Engineers inspect 21 schools amid concerns over building standards

Structural issues found at five facilities with six cleared to fully reopen

Scaffolding at Tyrrelstown Educate Together school in Dublin, which was closed due to concerns over “significant structural issues”. Photograph: Cate McCurry/PA Wire

Scaffolding at Tyrrelstown Educate Together school in Dublin, which was closed due to concerns over “significant structural issues”. Photograph: Cate McCurry/PA Wire

 

Engineers have now inspected 21 schools constructed by Western Building Systems (WBS), the developer at the centre of controversy over school building standards, with structural issues identified in five of the buildings.

As of Sunday, six schools have been cleared to fully reopen after the mid-term break on November 5th with no repairs needed. They are: Luttrellstown Community College; Gaelscoil Shliabh Rua, Dublin 18; Broombridge Educate Together National School; Scoil Choilm, Porterstown; Gaelscoil Thulach na nÓg, Dunboyne and Gaelscoil Teach Giúise, Firhouse.

Another two Dublin schools, Castlemills Education Centre in Balbriggan and Scoil Chaitlín Maude in Tallaght, will also reopen but will require intervention in the form of a protective fence and protective decking after structural issues were found in the exterior. This work will be completed during the mid-term break, the department said.

Issues with both the internal and external structures were found in a further three Dublin schools constructed by WBS. These are Tyrrelstown Educate Together National School, St Luke’s National School in Tyrrelstown and Gaelscoil Eiscir Riada, Lucan. Repair work was to be completed before the mid-term break to allow the ground floors of the schools to open.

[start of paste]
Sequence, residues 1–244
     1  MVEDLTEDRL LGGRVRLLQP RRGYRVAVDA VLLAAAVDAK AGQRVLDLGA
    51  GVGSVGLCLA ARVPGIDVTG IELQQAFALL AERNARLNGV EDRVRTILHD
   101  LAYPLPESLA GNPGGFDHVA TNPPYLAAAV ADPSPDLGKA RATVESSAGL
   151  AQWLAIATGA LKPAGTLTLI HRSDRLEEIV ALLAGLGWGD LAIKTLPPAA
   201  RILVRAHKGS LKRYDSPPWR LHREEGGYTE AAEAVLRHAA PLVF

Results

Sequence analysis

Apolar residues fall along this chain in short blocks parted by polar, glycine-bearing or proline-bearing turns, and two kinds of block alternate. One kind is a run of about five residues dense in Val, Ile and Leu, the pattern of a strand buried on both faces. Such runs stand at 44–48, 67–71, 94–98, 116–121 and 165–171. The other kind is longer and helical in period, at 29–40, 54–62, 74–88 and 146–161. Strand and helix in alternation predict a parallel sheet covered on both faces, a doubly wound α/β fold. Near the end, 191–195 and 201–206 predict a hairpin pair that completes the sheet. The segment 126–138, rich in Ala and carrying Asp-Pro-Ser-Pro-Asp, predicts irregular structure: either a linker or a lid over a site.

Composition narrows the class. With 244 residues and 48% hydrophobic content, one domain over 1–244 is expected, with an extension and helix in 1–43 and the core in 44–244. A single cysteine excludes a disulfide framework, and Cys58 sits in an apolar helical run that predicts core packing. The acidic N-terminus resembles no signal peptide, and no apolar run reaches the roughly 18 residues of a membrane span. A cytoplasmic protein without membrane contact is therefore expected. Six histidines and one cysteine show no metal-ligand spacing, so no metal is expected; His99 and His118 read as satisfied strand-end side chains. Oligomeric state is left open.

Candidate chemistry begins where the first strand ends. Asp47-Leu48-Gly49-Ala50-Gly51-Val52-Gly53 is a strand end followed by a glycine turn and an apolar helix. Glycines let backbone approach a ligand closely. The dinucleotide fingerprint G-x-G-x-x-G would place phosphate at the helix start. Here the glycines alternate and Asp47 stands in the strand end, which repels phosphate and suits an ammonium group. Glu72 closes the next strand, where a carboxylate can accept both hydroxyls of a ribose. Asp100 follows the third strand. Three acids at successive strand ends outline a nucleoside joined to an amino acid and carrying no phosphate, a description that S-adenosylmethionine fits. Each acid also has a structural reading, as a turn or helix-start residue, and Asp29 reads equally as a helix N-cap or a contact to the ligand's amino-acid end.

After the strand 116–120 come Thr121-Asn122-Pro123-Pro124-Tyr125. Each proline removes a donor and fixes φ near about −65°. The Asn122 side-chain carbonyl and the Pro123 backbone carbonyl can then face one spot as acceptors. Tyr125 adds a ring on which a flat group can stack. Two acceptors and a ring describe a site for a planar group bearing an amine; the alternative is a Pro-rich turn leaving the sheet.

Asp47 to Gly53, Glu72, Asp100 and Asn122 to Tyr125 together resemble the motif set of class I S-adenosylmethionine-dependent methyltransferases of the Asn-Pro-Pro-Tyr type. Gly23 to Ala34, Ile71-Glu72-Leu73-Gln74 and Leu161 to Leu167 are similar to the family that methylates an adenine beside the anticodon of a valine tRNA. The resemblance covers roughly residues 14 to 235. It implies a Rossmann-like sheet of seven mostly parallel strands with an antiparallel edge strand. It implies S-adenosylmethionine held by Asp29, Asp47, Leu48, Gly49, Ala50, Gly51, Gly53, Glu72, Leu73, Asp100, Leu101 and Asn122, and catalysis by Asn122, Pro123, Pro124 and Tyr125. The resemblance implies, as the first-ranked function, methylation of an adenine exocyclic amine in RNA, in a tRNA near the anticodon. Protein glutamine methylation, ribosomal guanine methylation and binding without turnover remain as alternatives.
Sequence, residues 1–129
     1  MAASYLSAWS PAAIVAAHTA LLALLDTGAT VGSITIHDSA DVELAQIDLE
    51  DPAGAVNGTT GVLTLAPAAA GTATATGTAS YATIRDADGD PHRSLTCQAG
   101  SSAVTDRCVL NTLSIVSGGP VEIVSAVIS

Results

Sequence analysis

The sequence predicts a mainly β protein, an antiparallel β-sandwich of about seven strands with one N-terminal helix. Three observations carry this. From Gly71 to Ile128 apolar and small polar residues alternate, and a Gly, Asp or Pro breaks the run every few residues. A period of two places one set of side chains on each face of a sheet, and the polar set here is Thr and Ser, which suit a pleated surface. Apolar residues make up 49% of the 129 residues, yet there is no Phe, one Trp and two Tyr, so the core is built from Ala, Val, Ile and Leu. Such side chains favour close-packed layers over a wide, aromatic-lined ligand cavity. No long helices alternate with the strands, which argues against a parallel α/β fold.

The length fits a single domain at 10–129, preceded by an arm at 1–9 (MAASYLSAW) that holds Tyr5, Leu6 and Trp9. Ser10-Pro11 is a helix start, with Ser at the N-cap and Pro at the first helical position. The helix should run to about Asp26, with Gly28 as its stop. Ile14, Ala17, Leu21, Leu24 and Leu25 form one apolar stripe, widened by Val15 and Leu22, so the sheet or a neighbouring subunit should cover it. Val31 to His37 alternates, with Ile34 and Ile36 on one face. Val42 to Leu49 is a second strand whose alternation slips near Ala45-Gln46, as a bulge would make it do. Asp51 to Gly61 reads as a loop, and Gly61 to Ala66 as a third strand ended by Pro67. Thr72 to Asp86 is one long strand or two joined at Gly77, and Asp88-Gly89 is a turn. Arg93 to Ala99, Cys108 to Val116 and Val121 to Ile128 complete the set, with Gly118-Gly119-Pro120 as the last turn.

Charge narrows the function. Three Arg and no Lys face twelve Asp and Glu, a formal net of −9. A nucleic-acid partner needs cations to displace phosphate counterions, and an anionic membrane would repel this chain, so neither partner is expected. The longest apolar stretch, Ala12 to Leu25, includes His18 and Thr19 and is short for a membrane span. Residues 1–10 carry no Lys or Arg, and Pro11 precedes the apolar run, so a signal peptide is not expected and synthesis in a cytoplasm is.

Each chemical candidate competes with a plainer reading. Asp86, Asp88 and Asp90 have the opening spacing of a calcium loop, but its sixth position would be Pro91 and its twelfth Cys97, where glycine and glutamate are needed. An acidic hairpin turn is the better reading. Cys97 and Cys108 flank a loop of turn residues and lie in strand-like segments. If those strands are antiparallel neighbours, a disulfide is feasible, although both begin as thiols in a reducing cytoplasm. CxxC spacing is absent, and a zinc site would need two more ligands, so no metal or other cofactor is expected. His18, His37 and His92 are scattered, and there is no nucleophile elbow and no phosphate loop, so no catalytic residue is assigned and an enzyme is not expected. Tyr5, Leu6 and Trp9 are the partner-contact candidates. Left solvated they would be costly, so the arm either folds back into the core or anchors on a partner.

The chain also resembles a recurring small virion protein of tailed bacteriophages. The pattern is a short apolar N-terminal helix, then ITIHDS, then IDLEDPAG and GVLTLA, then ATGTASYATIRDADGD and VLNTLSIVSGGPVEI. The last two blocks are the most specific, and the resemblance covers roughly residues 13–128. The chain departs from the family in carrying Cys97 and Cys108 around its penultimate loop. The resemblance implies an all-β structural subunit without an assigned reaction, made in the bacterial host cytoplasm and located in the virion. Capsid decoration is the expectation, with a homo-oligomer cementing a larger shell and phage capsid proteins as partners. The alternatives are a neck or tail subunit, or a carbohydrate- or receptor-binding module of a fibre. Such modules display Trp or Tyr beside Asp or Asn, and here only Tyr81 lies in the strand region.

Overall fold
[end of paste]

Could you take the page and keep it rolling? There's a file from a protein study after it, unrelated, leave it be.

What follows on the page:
Parts of Ardgillan Community College in Balbriggan will also remain closed, affecting about 200 students. Arrangements have been put in place by Dublin/Dún Laoghaire Education and Training Board to accommodate these students elsewhere, the department said.

Assessment work is still ongoing on nine schools. A further update is expected on Monday afternoon.

In total, the department is to inspect about 40 schools around the country before the end of the mid-term break, all of which were constructed by WBS, a Tyrone-based company.

Concerns first arose over schools built by WBS in 2015 when fire-safety defects were uncovered.

This led to a check on more schools built by the firm which, in turn, uncovered structural concerns last week.

One inspection of a school in north Dublin found there was an 80 per cent chance of an external wall falling outwards in the case of structural failure in storm force winds.

Minister for Education Joe McHugh said the finding was an example of the kind of potential risks facing students and staff in schools, which are the subject of structural safety checks.

Last week WBS released a statement insisting the department had signed off on each project. It said “certificates of completion” show each of the buildings was certified by representatives acting on behalf of the then minister for education.

It added that department inspectors had the right to inspect each project on a fortnightly and monthly basis.

The certificates related to buildings at Ardgillan Community School in Balbriggan, Tyrrelstown Educate Together national school and St Luke’s in Dublin 15.

All three were ordered to close last week.

The Department of Education, however, has insisted that the contractor and its design team were “fully responsible for the construction and certification of the buildings” in accordance with the regulations in force at the time.

On Sunday evening, in a further statement, WBS said it welcomed the fact half the schools identified by the department have now been assessed.

“We appreciate fully that this is an important matter, particularly for pupils, parents and teachers. In accordance with our contractual obligations, we are engaging constructively with the Department over the past number of days. We immediately offered to participate in the assessment process. We remain available to meet with the Minister for Education and Skills,” it said.

“We are committed to better understanding why schools previously certified for completion by the Department are now being assessed by the Department,” it added.